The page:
New Mexico ranks 12th nationally for coal production, but that fuel has become an increasingly tough sell as its effects on the climate have become clear. New Mexico has tried to help the struggling industry, including through its tax code: the state allows companies that extract coal to exempt a certain amount of revenue from taxation once the companies reach specific thresholds. In fiscal year 2013, companies saved more than $27 million in taxes, up from $11.3 million four years earlier, according to the 2014 tax expenditure report.
This month, the US Department of the Interior announced a moratorium on new coal leases on federal lands, including 28,000 acres of leases in New Mexico. This follows on the heels of new federal rules that set carbon dioxide emissions limits from existing power plants; and a decision by one of New Mexico’s largest coal-markets, California, to end the purchase of coal-generated electricity.
In January, Arch Coal, the nation’s second largest producer of coal, announced it was declaring bankruptcy. Earlier, in 2013, international mining behemoth BHP Billiton announced it was selling its coal mine in New Mexico, the Navajo Mine which supplies the Four Corners Power Plant. (The Navajo Nation decided to purchase that mine for $85 million.)
Within the 48-page plan, authors make no mention of climate change, but do write that a post-2020 “low-carbon electricity portfolio” could include nuclear power.
The plan points to research on small modular reactors (SMRs). Not yet commercially available, these are small nuclear power plants built in factories then shipped via rail or truck that could provide “carbon-free” electricity and not raise the same cost, safety, and environmental concerns as large nuclear facilities.
Some climate scientists, including former NASA scientist James Hansen, say that nuclear energy must become a greater part of America’s energy mix if the nation is serious about cutting greenhouse gas emissions in time to avoid catastrophic climate change. Others doubt the wisdom of embracing a costly, water-intensive technology that has been plagued with accidents such those that occurred at Fukushima, Chernobyl, and Three Mile Island.
The nuclear issue is even more complicated in New Mexico, where citizens have an intimate relationship with the nuclear industry’s legacy. Uranium mining in western New Mexico that began in the 1940s sickened workers; many of those mines still contaminate land and water. The Navajo Nation has banned new uranium mines within its borders and a coalition of five southwestern tribes has opposed uranium mining on or near New Mexico’s Mount Taylor. And the nation’s only underground nuclear waste dump, southern New Mexico’s Waste Isolation Pilot Plant, or WIPP, still remains closed after an accident there two years ago.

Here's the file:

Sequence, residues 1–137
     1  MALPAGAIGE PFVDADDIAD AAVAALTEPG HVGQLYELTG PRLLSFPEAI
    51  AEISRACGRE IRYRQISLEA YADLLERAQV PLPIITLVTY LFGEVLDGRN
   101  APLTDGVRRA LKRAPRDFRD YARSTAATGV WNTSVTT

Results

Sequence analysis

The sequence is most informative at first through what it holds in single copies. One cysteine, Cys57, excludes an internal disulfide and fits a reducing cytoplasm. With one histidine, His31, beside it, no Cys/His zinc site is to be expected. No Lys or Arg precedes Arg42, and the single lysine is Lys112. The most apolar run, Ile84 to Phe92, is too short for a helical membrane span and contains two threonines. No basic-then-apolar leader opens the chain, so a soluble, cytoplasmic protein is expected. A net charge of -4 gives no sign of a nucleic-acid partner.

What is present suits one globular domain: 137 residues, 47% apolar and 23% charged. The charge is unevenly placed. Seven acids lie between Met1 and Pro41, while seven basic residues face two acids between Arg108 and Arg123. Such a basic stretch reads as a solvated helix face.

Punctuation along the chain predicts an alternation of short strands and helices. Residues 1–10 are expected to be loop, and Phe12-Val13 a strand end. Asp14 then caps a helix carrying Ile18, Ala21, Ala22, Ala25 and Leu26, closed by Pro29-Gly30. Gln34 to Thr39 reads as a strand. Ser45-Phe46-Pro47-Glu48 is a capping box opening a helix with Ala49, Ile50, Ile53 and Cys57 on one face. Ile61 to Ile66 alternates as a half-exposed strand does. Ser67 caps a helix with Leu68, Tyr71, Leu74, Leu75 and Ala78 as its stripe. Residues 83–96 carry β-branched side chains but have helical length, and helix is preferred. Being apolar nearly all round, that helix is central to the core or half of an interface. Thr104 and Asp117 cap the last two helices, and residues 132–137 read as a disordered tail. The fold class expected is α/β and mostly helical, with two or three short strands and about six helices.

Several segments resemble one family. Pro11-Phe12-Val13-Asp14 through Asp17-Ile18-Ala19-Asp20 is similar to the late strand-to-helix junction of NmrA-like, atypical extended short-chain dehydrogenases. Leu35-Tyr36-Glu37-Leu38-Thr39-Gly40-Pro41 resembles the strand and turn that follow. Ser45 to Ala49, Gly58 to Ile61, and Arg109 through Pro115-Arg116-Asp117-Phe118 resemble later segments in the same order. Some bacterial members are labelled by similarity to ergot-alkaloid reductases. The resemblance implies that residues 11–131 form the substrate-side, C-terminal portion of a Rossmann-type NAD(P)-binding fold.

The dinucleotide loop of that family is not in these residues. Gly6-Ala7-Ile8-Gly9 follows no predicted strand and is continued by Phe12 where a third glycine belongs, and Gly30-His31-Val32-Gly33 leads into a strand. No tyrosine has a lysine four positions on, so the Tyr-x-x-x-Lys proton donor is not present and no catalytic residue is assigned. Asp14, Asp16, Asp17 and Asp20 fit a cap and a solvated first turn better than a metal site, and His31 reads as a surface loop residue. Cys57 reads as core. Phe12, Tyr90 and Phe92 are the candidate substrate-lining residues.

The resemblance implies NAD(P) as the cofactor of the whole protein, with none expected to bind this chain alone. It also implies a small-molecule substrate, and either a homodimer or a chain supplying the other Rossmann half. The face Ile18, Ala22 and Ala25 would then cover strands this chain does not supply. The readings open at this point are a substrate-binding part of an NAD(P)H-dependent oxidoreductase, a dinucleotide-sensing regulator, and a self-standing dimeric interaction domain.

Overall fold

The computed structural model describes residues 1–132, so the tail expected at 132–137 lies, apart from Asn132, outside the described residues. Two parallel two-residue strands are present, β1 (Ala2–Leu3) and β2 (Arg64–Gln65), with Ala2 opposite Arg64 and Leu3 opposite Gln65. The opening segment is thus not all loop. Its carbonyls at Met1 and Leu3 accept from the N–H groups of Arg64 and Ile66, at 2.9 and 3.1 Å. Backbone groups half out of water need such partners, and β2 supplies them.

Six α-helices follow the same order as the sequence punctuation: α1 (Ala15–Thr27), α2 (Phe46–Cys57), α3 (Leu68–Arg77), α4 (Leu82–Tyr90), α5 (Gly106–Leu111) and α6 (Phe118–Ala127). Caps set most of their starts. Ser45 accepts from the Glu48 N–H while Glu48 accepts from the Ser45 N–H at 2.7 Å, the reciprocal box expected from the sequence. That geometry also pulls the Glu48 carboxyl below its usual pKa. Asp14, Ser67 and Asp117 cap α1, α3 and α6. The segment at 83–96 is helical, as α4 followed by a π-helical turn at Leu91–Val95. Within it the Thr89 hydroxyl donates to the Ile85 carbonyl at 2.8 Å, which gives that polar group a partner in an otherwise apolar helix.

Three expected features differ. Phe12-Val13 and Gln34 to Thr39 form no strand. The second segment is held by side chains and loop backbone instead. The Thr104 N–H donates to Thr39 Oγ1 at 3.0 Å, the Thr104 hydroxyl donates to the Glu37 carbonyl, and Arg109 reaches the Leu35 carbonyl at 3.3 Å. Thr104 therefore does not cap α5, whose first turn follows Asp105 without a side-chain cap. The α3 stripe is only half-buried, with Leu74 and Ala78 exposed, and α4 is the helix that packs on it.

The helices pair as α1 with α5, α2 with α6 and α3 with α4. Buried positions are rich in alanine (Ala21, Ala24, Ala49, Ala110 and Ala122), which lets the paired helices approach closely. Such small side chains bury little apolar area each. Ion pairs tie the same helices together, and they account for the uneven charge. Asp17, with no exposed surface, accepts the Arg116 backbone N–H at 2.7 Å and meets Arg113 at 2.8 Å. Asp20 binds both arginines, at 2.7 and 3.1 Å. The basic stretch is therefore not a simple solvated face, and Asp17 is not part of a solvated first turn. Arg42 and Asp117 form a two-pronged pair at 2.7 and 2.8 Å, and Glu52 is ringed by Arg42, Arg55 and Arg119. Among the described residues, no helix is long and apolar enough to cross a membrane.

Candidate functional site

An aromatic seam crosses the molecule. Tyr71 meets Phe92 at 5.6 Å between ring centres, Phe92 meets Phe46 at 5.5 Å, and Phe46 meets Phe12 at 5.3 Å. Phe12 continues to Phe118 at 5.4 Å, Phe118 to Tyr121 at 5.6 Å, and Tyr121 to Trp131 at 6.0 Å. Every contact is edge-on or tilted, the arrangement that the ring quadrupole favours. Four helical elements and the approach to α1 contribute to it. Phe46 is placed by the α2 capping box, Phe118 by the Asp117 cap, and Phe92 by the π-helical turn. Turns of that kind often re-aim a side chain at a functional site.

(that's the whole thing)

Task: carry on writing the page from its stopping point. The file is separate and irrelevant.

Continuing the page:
While its “post-carbon” language is targeted toward nuclear energy, the plan does recommend expanding markets for solar and wind, primarily by improving storage technology and transmission infrastructure and reducing “soft costs” of solar installation at the local level related to permitting and other red tape. It also emphasizes the need to reduce the use of fresh water in oil and gas production; to increase energy efficiency of public buildings; and to ensure energy production doesn’t endanger public health.
Positive Energy Solar CEO Regina Wheeler, who was involved in drafting the plan, says it’s a good step in the right direction. “What is missing, however, are targets and action and strategies and commitment from the highest levels in the state.”
Clean, efficient resources are here, Wheeler says, and technology is improving all the time—on everything from battery storage to electric vehicles. “The possibilities are extraordinary,” she says, but New Mexico is resisting changes that will allow solar and wind to become a greater part of the state’s mix.
Right now, despite the state’s sunny days, only about two percent of the electricity generated in New Mexico comes from the sun.
Wheeler says that resistance comes not only from Public Service Company of New Mexico (PNM), the state’s largest power company, but also the New Mexico Public Regulatory Commission and the Governor’s Office.
Renewable energy sources are going to become increasingly good investments—and an energy transition is going to occur. “It’s going to happen,” she says. The question, she says, is whether New Mexicans will make that transition sooner or later.
For some, New Mexico has been too slow to embrace new energy opportunities.
In particular, New Mexico’s reluctance—or unwillingness—to diversify has been problematic, says Erik Schlenker-Goodrich, executive director of the Western Environmental Law Center.
New policies related to climate change and energy transitions require a lot of work, he says, especially within regulatory agencies such as the New Mexico Public Regulatory Commission and management agencies like the US Bureau of Land Management. Citizens must make sure to help agencies to shape new policies where industry already has a seat at the table, he says.
“If New Mexico’s communities sit on the sideline, politicians beholden to fossil fuel interests will carry the day and our energy future is a dark one,” he says. “If our communities take the field, anything’s possible, including a bright, blue-bird day powered by the sun and wind.”